Sometime around the early 1960s, it became safe, even fun, to speculate about Britain (and indeed the world) under the cosh of Nazi occupation. This popular counterfactual featured on film in It Happened Here, and in novel form – the likes of Phillip K. Dick’s Man in the High Castle, and later, Robert Harris’s (60s set) Fatherland. But it was the erudite wit and father of wartime escapism, Noel Coward, who was first out of the blocks with Peace in Our Time, a play that debuted and closed in 1947, landing for both audiences and critics like a V2 missile at a christening.
Why did contemporary audiences hate it? After all, it’s a rousing story of festering British patriotism and resistance, doing its best to break out while Hitler’s stooges keep a watchful eye on a Petticoat Lane pub full of conquered locals. This is not victory denied but victory deferred; a play that suggests that invasion would have only have galvanised our allies to mount a D-day-like offensive to liberate us when military advances on the continent permitted, aided by shrewd internal defiance from Brits with an unconquerable spirit.
Perhaps the problem was that Coward’s speculative fiction, with the moral quagmire of occupied France as its spur, inevitably had to deal with the certainty of collaboration in some quarters, resignation in others.
Chorley Bannister, pub regular and debonair editor of Forethought, a new periodical, represents a kind of intelligentsia, very much prevalent before the war, suspicious of democracy and the corollary, a mass readership. He has a morally relativist, some might say, sociopathic indifference to the new arrangements. We infer he likes the idea of a society in which the lower orders are kept down by the bastions of high civilisation. Coward, bravely, writes the character as a peer, complete with Coward-like rhetorical flourishes. Dominic McChesney, who occupies the persona completely in Phil Wilmott’s revival, even resembles Coward!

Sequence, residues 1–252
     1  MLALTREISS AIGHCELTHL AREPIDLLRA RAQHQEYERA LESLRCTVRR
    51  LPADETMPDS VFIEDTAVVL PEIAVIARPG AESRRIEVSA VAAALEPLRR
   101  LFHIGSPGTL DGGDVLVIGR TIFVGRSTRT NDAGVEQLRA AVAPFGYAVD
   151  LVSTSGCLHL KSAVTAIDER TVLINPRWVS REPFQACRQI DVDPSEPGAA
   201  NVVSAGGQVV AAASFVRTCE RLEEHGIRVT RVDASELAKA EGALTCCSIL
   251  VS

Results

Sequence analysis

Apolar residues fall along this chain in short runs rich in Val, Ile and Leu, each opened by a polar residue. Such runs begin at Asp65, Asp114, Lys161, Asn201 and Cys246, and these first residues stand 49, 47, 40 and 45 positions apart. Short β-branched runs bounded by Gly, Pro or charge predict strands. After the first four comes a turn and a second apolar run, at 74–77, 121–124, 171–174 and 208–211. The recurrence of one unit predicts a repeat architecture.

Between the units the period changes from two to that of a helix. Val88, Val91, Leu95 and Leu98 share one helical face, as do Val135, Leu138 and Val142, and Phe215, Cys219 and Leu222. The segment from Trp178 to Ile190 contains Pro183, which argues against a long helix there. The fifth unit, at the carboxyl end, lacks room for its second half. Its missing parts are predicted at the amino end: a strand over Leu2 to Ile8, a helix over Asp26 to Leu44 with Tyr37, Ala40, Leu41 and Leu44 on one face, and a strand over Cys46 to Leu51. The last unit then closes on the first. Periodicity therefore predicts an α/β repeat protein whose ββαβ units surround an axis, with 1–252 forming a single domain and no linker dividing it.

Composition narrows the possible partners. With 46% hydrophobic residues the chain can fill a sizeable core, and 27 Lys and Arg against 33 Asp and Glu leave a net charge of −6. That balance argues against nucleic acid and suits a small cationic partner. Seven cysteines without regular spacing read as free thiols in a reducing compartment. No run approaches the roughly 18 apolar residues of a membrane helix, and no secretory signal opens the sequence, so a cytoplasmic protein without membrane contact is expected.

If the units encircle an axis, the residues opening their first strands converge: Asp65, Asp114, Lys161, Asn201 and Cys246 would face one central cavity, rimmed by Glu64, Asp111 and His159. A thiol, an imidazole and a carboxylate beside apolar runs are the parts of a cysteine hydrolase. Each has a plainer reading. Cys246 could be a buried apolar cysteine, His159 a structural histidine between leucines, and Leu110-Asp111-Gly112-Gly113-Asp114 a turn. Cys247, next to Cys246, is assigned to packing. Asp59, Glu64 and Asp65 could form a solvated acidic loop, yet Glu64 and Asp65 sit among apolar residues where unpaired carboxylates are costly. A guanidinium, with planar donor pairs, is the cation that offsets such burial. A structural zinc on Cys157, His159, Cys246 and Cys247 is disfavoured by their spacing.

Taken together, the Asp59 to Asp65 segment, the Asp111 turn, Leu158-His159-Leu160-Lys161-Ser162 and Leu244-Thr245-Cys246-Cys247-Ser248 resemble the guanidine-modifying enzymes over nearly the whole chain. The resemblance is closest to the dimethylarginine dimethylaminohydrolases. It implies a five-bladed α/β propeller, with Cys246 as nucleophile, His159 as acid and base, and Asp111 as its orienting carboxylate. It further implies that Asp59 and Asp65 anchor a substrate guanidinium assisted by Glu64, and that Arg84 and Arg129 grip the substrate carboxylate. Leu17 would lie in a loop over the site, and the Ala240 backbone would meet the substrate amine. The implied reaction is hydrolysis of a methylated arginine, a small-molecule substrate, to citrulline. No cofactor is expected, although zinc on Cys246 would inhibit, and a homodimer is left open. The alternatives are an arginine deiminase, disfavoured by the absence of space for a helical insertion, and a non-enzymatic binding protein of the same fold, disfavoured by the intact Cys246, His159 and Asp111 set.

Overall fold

But a 1947 audience must have found the idea of opinion formers and friends to the governing classes as sympathisers, abhorrent. Though it should be noted, this was a perfectly reasonable punt on Coward’s part. How odd that journalists should have reacted to it like an anaphylactic shock.
Likewise, Bobby Paxton, listed in the dramatis personae as “an ambitious young man”, one of many wartime euphemisms, is a spiv who embraces the Germans with indecent haste, seeing the opportunity for social advancement. No amount of faith in what Nazi officer Richter mistakenly identifies as the middle class (the couple who run the pub and half their customers are working class); a confidence that Coward signals throughout the play, in little speeches that vouchsafe the imagined irreverence and moral certainty of the British character; can wash away the foul taste of that opportunism. One can imagine it was that possibility, not the deprivations of occupation, or the notion of being oppressed – as none of the characters are resigned to it, that sealed the original production’s fate.
In 2020, Peace in Our Time has a lot to tell us about post-war British identity. As the recent Brexit debacle played out over a period nearly as long as the war, it was the group that Orwell would describe as the proles – the hope, in his novel Nineteen Eighty Four, published a year after Coward’s play was performed, that was blamed for wrecking the nation’s prosperity and arresting its progress as an outward looking country.
In Coward’s play, there’s a sentimental affection for the just managing – embodied in the honourable Shattock family that run the boozer; the moral and spiritual heart of a gutted community. They represent, in the absence of a Blitz to induce Blitz spirit, a form of British resilience, underpinned by confidence in the country’s innate and superior virtues. This is an easy idea to mock, but there’s no questioning the sincerity with which Coward affirmed it, and no denying the contrast with modern cosmopolitan conceptions of the white working class, that see the Shattock’s grandchildren as degenerate and senseless.
Sasha Regan’s production is a fascinating historical curio, then, but also a fine piece of speculative drama, imbued with Coward’s gift for eloquence and waspishness. The inventive staging allows for the plain of action to shift with characters’ perspectives, which is a gift when presented with such a large ensemble, and the delivery is attuned to the verbosity on the page. You go to a Coward play to hear Coward, and he’s in fine voice at the Union Theatre. The morally ambiguous ending is guaranteed to occupy your thoughts long after the stage lights dim.